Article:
The Golden State may be getting a little greener. The state Assembly of California will likely be voting on Senate Bill 100. The bill calls for incremental steps towards a completely clean grid by 2045 through 100% renewable energy generation.
California is already ahead of the majority of the United States in terms of renewable energy production. But even so, the state could still face some steep hurdles to reach this revolutionary goal.
A Greener Golden State
In 2016, California already generated 29% of its power from renewable energy sources like wind, solar, and geothermal. California’s current goal is to generate 50% of its power from renewable energy sources by 2030. This is due to a law that Senate President Pro Tempore Kevin de León authored and Governor Jerry Brown signed in 2015.
de León also introduced Senate Bill 100, was passed by the Senate last May. The lower legislative house must vote on it next month before it goes to Governor Brown’s desk for ratification. Bill 100 raises the 2030 goal of 50% green energy generation to 60%. It also places a 2045 goal of 100% green production. This means that California would have to be completely green in less than 30 years.
Kevin de León is confident in California’s ability to get the job done. He likens the spread of renewable energy to that of the Internet. “That’s the type of opportunity we have today, right here in California, with clean energy,” he said. The Bill 100 proposal hasn’t garnered much attention due to local political attention being focused on California’s cap-and-trade program recently.
But that doesn’t mean Bill 100’s effects won’t permeate into everyday life if passed. The bill would eventually make energy providers like utilities gather about two-thirds of their energy from green sources. Reaching 2045’s more lofty goal would mean that energy eaters like electric cars or AC units would all be powered from other sources instead of the usual coal or natural gas in less than three decades. But figuring out how to get that extra 40% from renewable energy between 2030 to 2045 could be easier said than done.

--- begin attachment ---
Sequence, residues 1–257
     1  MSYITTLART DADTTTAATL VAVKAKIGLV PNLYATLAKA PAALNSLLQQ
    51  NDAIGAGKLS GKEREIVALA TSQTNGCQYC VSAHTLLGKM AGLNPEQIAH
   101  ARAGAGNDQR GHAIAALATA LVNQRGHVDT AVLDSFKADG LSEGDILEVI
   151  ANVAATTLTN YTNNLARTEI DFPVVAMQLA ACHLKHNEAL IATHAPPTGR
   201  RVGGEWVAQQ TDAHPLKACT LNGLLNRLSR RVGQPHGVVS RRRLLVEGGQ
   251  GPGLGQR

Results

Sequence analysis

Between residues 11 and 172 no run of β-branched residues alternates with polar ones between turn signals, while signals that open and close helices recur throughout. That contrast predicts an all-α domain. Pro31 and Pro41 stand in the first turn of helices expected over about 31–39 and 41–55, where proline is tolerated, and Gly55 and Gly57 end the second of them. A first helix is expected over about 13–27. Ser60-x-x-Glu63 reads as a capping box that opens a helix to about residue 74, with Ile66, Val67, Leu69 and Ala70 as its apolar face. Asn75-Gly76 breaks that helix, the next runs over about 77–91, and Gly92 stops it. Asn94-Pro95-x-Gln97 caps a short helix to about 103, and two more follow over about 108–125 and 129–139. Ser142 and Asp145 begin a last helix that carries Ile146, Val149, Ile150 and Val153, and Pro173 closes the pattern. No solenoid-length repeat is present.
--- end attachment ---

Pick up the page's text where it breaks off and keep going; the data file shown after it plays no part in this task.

One integral obstacle is how California would manage to balance the electrical grid while increasing the renewable energy in it. The state could no longer utilize oil or natural gas, which provides about a third of California’s electricity right now. Natural gas is also versatile because it can be turned on or off to match the state’s demand. California’s grid spans urban, rural, desert, mountain, and coastal areas, all providing their own challenges for transmitting power.
Utilies have already voiced their concerns over the bill. Many think that the debt would have to be paid by increasing utility bills. Estimates from nonpartisan legistlave analysts agree. “If it’s not affordable, it’s not sustainable,” said Lynsey Paulo, spokeswoman for Pacific Gas & Electric Co., California’s largest utility. Loren Kaye, president of the California Foundation for Commerce and Education, shared a similar sentiment: “It’s a more expensive, less flexible approach to reducing emissions.”
Immense investing to build out the energy infrastructure would also be needed. Entire solar plants and wind farms need to be constructed. Massive battery backup system will need to be tied into the grid for those days when there’s no sunshine or wind blowing.
Some proponents of Senate Bill 100 also think it would be beneficial to cooperate with neighboring states to achieve the 100% goal. Ralph Cavanagh, a lawyer from the Natural Resources Defense Council, deems it necessary. “It’s one of the tools we absolutely must have,” Cavanagh explains. Some work unions have already voiced their opposition to integrating other states. They fear that utility and construction jobs would start to leave California. Others have shared their opinion that this move could actually hurt the cause, due to other states not being as committed to the goal as California is.
Setting an Example for a Cleaner Future
Green energy advocates applaud the amibition of Senate Bill 100. But many know that perhaps the greatest challenge lies in the novelty of the idea. “It’s doable. But because we don’t really have a working example for a 100% renewable system, it’s going to be an ongoing experiment,” says Mike O’Boyle, a researcher at Energy Innovation, a San Francisco think tank.
Optimistically, California’s push to achieve Senate Bill 100 could set the standard for green energy in the United States. It wouldn’t be such a surprise to see neighboring states following suit, especially if involved in making Bill 100 a success. Hawaii set an identical goal about two years ago. But California’s goal is much larger, comparable to countries like France or Germany, both of which are working towards similar objectives.
California has never shied away from going green. Recently, they welcomed the launch of Tesla’s 80 MWh Powerpack station, which aimed to ease reliance off of fossil fuels during times of peak energy demand. The state currently also uses a combination of regulations and incentives to promote using a zero-emission vehicle. Here’s hoping the Golden State can continue to lead the charge towards a cleaner world.
Looking to live greener? Check out our reviews for the Ecocapsule Smart Home and Tesla Powerwall 2. Also, keep an eye out for Green Cat’s sCarabane if you want to camp in style. Check iReviews often for the latest in green technology and renewable energy.